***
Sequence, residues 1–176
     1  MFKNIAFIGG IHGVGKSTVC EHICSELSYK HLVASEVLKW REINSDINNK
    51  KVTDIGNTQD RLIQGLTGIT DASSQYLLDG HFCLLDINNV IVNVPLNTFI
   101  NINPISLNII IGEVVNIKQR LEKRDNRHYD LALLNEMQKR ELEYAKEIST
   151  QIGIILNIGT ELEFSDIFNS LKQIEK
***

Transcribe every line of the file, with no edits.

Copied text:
Sequence, residues 1–176
     1  MFKNIAFIGG IHGVGKSTVC EHICSELSYK HLVASEVLKW REINSDINNK
    51  KVTDIGNTQD RLIQGLTGIT DASSQYLLDG HFCLLDINNV IVNVPLNTFI
   101  NINPISLNII IGEVVNIKQR LEKRDNRHYD LALLNEMQKR ELEYAKEIST
   151  QIGIILNIGT ELEFSDIFNS LKQIEK